Last month, I went to Eddy’s place, and I saw his digital piano, a Yamaha P-115. I tried it out and discovered that the piano was actually nice. It was a full-sized piano with weighted keys. Playing on that made me miss playing the piano on a regular basis, so I deeply considered buying my own. I mean, heck, I used to play the piano regularly when I was volunteering and subbing for my high school band teacher, and I’d forgotten all the songs I’d learned back then. Then my mum mentioned to me why I don’t get a digital piano and play again. That simple suggestion and trying out Eddy’s piano cemented my desire to invest in a digital piano of my own.
The piano and I have a rocky relationship, believe it or not. My mum “forced” me to take piano lessons when I was in first grade, but I’d hated them. I quit after a couple of months. I went for years without playing until sixth grade. That year, my mum wouldn’t let me take band. Instead she gave me the ultimatum to play the piano or don’t do anything else. Grudgingly I signed up for piano lessons, and I did them for a year. Looking back now, I’m glad she gave me that ultimatum because that eventually prepared me for band when I defied her and signed up to learn the alto saxophone.
The alto saxophone became my main musical instrument of choice until I graduated high school. But in my senior year of high school, I began to play the piano again. Someone showed me how to do what I call the basic chords, and I became interested in learning how to play video games and anime soundtrack pieces. After high school, I worked for my band teacher, and that was when the piano became my main instrument. Yet once I changed jobs and I didn’t frequent the band room often, I couldn’t keep up with my skills. At one point I’d planned on purchasing a digital piano sometime in 2008, but I’d changed my mind at the last minute.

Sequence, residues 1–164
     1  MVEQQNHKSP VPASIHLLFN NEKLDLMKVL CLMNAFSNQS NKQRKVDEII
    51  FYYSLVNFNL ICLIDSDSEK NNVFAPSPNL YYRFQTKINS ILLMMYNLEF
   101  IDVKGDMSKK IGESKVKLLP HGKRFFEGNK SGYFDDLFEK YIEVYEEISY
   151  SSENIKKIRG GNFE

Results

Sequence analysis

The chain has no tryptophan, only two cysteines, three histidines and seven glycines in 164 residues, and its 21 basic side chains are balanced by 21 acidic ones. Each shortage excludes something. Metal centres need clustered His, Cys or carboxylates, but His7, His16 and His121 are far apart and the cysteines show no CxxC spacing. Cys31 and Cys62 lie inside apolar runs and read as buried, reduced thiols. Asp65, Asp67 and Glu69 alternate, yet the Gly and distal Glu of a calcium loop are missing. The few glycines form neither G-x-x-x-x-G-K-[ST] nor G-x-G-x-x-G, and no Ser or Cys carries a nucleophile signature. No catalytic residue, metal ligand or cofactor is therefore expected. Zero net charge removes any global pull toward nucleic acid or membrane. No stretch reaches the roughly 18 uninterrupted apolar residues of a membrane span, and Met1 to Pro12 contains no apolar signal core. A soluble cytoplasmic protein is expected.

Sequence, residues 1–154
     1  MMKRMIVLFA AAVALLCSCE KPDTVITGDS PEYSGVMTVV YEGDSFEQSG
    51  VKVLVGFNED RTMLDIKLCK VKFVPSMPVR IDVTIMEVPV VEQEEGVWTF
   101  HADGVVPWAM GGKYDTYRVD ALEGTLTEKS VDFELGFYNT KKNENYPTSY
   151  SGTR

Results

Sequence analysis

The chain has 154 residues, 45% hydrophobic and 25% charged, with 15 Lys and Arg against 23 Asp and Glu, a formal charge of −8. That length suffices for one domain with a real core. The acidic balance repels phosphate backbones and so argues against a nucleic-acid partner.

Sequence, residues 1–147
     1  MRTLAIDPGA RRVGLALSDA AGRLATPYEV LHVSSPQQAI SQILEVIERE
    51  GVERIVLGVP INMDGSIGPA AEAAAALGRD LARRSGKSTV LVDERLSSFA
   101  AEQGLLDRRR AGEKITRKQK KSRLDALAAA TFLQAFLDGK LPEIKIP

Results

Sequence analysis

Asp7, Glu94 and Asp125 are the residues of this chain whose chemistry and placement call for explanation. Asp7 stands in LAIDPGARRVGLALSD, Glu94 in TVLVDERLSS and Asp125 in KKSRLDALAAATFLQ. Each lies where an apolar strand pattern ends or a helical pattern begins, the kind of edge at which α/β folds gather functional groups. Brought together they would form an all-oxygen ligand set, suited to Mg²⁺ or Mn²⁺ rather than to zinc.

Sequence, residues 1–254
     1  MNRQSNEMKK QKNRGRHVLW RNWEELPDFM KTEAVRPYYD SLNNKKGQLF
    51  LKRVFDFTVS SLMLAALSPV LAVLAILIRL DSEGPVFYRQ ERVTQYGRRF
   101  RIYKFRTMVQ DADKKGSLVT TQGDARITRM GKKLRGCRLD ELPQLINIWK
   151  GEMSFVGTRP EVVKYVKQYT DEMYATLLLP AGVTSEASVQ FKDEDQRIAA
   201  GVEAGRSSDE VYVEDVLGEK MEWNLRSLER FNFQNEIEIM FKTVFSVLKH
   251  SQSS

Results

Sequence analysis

Last month changed everything, though. Eddy’s piano made me realise just how much of a mistake it was to neglect the piano. Therefore, I asked my Korean uncle, who’s a musician by trade, to help find a good deal on the Yamaha P-115. He hunted around and found me one with a wooden stand, a damper pedal, and keyboard cover for 720,000 KRW, which was $592 USD with the exchange rate. Excited that he’d found me a piano, I cleaned up this one area of my room that had all my Baby-sitters Club books and other junks. I said farewell to all 126 BSC books and said hello to my new piano.
I named this “Rachi”, short for “Rachmaninoff”, who happens to be one of my favourite composers. I am super thrilled by this piano. This really feels and sounds great. I honestly don’t have any other need for the other functions on the piano, so I could have done without those. My only complaint lies with the pedal. The plastic, rectangular pedal just feels too weird. I hope to get the pedal that’s shaped like an actual pedal in the future, and I need to invest in a headphone so I can play the piano in the middle of the night. Otherwise, though, I’m loving it! It feels fantastic re-acquainting my fingers to the songs they’d forgotten how to play. I may never end up being a concert pianist, nor will I ever be able to play Rachmaninoff’s Piano Concerto No. 2, but I can certainly play to de-stress and keep my brain and hands active!
Do you have a musical hobby? What can you play? If not, what instrument would you like to learn? Tell me about your musical skills and background!